Highland Middle School Principal Anissa Bereano was named this year’s Washington State Middle Level Principal of the Year by a panel of principals representing the Association of Washington Middle Level Principals, a component of the Association of Washington School Principals (AWSP). She was one of nine nominees from across the state.

Bereano has been principal at Highland since 2008. Highland is a Title I school in the Bellevue School District that supports a racially and economically diverse student population that reflects the community.

As principal, Bereano has worked with staff to build a culture of universal achievement, resulting in significant academic gains for students including narrowing – and in some cases closing – the achievement gap for Highland’s students of color.

In addition to the academic gains, the school has been able to eliminate detentions and has seen a 71 percent reduction in suspensions.

“There was no quick fix for Highland’s improvement, but through shared leadership, building capacity, and a collective vision, we have been able to make great strides,” Bereano said. “While we have not yet achieved our ultimate goal, the Highland staff knows it’s possible and we are more committed than ever.”

When she arrived at Highland, Bereano was the third principal in three years, the school was in its first year of AYP sanctions, and staff morale and community pride in the school were low. At the time, 56 percent of the students passed the math MSP and 67 percent passed in reading.

On the 2014 MSP, the passage rate for math was 70 percent and reading was 82 percent. Eighth grade Hispanic students were the highest performing sub-group on the reading MSP with a 92 percent passage rate.

In addition, Highland’s organizational health data is strong because of high staff interdependence, collegiality and shared leadership.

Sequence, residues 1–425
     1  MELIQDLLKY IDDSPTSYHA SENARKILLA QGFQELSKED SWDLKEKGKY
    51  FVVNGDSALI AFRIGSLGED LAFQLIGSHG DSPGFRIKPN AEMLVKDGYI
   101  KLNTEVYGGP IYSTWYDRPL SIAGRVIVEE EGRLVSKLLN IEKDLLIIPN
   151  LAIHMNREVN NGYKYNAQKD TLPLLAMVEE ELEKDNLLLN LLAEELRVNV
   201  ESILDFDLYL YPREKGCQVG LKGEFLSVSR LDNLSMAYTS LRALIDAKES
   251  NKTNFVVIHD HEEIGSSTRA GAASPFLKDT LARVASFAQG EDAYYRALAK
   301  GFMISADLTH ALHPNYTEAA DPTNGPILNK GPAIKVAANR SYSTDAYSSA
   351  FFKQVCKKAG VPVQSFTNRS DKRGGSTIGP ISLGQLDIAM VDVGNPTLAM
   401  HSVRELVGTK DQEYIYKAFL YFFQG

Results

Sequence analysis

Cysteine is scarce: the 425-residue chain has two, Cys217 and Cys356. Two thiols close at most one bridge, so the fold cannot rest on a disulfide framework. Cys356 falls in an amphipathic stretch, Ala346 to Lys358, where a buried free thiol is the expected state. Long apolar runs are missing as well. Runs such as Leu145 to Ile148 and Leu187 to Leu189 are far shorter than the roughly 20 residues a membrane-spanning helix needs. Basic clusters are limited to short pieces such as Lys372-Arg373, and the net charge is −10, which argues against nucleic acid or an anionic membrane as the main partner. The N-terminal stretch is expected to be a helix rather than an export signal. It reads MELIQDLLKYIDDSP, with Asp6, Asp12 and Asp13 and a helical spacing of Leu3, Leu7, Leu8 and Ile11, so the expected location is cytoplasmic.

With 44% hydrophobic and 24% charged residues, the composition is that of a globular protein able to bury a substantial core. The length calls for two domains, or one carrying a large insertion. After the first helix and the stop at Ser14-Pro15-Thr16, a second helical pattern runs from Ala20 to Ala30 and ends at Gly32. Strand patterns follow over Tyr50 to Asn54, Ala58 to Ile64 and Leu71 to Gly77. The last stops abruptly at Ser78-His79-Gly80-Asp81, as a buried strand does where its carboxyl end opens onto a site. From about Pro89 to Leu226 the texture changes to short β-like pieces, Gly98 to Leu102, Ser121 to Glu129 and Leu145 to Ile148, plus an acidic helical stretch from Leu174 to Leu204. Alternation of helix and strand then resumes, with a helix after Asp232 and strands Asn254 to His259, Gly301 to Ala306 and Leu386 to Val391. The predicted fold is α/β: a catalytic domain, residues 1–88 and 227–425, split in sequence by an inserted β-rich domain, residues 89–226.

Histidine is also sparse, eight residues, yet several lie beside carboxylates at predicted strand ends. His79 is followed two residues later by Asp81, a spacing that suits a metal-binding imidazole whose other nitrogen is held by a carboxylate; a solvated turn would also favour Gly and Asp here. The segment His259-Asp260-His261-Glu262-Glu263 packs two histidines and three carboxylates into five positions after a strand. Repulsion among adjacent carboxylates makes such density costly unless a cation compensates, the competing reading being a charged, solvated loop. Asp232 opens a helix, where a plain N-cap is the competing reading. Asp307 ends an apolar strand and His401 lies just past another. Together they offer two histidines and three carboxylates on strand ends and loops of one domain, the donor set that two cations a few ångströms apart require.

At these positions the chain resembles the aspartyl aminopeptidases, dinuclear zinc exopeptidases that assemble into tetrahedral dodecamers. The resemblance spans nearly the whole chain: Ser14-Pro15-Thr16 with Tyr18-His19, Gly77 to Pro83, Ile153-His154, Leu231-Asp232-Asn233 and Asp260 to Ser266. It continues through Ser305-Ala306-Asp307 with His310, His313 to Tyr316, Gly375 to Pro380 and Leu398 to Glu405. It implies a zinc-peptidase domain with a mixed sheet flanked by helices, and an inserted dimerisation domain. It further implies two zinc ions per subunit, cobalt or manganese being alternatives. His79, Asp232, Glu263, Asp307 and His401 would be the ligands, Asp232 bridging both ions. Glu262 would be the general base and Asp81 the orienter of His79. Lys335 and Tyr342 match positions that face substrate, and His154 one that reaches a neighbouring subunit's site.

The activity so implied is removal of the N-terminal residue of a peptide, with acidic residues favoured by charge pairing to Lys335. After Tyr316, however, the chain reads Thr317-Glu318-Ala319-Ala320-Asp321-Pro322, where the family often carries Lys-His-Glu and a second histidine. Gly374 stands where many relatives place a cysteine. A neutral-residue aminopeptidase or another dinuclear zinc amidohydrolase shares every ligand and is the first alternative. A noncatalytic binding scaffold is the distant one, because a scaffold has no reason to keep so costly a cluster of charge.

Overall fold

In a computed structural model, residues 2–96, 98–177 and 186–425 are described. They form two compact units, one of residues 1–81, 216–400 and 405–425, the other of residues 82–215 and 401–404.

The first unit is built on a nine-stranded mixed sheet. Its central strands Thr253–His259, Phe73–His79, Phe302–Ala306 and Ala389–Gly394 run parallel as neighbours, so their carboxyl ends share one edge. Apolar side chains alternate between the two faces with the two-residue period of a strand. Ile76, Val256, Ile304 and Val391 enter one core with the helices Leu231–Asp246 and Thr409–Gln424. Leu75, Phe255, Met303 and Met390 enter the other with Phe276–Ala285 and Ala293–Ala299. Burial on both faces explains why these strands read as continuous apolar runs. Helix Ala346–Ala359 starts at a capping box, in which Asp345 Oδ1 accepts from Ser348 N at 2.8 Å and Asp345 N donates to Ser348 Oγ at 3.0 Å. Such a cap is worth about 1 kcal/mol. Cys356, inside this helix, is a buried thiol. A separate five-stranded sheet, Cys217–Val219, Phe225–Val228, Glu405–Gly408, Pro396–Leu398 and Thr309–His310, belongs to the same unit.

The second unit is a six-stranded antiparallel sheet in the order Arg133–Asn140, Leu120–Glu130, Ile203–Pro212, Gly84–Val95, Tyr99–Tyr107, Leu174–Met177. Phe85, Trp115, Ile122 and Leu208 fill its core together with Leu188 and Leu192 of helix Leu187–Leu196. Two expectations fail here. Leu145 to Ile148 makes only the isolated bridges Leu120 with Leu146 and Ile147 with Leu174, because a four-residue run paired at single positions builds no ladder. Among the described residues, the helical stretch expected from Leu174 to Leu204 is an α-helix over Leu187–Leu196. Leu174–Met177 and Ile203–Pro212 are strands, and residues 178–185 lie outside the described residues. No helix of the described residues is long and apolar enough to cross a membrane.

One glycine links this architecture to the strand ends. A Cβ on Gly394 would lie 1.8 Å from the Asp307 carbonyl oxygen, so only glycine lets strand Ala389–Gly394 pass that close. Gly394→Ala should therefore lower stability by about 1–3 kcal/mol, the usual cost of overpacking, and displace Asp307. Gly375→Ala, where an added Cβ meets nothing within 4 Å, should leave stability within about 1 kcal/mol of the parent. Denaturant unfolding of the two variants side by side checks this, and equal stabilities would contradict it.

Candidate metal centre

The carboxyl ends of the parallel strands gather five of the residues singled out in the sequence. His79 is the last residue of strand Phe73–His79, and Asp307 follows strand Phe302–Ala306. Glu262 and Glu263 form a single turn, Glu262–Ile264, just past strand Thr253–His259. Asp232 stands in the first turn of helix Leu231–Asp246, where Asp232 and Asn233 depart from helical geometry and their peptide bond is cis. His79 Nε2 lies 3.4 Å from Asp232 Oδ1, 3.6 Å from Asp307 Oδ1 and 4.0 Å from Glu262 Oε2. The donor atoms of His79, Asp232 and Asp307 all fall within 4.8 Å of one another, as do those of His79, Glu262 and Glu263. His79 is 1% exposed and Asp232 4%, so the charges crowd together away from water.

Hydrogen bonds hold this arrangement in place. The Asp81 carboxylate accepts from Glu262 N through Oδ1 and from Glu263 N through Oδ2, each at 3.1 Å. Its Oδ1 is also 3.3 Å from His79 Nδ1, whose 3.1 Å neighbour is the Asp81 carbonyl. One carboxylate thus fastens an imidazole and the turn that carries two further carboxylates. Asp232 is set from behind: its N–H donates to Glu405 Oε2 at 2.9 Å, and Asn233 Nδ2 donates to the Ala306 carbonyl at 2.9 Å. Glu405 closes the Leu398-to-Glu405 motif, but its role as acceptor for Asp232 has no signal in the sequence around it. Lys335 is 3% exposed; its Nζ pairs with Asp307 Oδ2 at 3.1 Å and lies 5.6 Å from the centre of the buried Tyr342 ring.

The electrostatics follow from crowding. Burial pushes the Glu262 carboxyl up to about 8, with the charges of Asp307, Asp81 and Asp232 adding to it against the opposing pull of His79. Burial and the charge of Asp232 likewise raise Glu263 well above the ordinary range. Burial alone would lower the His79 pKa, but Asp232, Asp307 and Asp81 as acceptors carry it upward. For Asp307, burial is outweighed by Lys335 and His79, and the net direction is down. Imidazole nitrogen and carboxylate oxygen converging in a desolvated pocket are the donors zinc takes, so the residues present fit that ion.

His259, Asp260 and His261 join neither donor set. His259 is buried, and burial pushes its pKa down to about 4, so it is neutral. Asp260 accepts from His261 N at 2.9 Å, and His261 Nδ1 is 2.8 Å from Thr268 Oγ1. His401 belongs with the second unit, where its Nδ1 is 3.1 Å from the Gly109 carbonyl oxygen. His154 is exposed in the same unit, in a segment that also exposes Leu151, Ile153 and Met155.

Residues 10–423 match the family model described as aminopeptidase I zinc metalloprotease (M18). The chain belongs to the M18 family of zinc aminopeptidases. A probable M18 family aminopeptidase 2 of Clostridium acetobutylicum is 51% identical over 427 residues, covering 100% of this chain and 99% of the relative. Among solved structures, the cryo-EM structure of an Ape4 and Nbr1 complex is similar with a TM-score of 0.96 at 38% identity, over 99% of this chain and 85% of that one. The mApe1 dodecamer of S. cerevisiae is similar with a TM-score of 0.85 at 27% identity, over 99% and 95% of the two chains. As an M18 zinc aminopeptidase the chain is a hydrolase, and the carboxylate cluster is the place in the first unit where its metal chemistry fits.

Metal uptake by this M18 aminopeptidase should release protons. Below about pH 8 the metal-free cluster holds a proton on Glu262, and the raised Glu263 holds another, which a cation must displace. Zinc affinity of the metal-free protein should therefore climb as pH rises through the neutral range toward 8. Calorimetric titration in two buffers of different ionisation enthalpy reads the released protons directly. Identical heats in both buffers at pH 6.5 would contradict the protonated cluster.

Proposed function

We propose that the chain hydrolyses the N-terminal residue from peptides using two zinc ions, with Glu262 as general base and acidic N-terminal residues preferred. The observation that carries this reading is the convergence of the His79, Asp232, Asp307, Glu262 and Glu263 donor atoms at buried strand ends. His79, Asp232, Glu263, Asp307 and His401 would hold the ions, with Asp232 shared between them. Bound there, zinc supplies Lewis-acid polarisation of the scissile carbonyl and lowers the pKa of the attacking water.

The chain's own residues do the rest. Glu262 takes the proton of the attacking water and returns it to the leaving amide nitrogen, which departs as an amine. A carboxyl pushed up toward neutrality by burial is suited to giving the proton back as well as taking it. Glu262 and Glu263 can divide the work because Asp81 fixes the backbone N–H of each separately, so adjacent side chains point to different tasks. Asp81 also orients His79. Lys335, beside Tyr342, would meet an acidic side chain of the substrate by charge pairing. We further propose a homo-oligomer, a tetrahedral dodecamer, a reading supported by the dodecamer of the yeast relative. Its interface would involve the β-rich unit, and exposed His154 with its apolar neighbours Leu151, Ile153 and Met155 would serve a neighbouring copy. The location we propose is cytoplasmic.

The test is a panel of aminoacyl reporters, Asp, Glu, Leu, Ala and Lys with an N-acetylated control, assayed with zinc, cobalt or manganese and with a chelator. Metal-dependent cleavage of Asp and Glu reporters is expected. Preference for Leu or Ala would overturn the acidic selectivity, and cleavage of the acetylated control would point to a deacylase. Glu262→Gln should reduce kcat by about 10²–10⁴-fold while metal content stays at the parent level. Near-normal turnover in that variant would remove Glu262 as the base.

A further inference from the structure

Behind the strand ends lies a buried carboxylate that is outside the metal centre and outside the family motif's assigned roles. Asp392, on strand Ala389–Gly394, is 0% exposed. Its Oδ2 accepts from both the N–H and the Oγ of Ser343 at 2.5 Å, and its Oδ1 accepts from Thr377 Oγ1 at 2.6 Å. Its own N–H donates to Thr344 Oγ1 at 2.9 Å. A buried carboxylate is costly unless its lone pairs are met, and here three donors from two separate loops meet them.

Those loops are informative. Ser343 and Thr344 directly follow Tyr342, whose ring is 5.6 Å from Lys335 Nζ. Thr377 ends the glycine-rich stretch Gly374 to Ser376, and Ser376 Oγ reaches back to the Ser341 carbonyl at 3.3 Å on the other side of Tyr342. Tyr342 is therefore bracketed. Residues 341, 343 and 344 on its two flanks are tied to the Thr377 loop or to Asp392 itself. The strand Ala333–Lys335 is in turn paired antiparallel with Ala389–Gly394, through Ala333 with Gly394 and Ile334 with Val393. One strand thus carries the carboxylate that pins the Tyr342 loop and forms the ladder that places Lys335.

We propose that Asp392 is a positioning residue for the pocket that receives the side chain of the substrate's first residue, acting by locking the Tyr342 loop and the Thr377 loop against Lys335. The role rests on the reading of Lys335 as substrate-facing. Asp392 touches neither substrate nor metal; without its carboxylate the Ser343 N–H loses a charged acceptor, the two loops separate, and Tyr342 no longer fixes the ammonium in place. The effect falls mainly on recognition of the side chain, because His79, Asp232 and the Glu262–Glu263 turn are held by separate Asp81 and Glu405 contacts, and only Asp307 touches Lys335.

The school’s turning point was achieved when Bereano led a school-wide implementation of AVID strategies with an emphasis on reading strategies in all subject areas. AVID uses research-based strategies to increase access to rigorous curriculum for all students. Together with the staff, a shared vision, now known as “Highland’s Ultimate Goal” was developed: “Every student, without exception and without excuse, will develop their character and become proficient or advanced in reading, writing, and math.”

To sustain this vison school-wide, Bereano and her staff implemented authentic Professional Learning Communities to maintain quality instruction using AVID strategies. Around the same time, Highland collaborated with Jubilee Reach, a local nonprofit, to form a community partnership that has ultimately led to a comprehensive program including clubs, sports, mentoring, and academic support that happen both during and after school.

“She is a phenomenal instructional leader who is innovative, collaborative, and committed,” Dr. Patty Siegwarth, Executive Director of Bellevue Schools, said about Bereano. “Her interpersonal skills are excellent. She communicates her genuine care for students and adults, while maintaining high expectations for behavior and performance.”

Highland Middle School was named a School of Distinction in 2014, and AVID School of Distinction in 2013 and 2014, and won and Academic Achievement Award in 2010 for overall excellence and again in 2012 for science.

Bereano has worked as an educator in the Bellevue School District for 21 years. She achieved her National Board Certification in 2002. Her first job in administration was July 2004, when she was the assistant principal at Tyee Middle School. Bereano moved to Eastgate Elementary in 2005 before taking the reins at Highland Middle School in 2008.

Bereano graduated from the University of Washington in 1992 with a Bachelor of Arts degree in Political Science. She earned her Master’s Degree in Human Development in 2001 from Pacific Oaks College and her administrative certification from the University of Washington in 2004.

The Bellevue School District acknowledges that we learn, work, live and gather on the Indigenous Land of the Coast Salish peoples, specifically the Duwamish and Snoqualmie Tribes. We thank these caretakers of this land, who have lived and continue to live here, since time immemorial.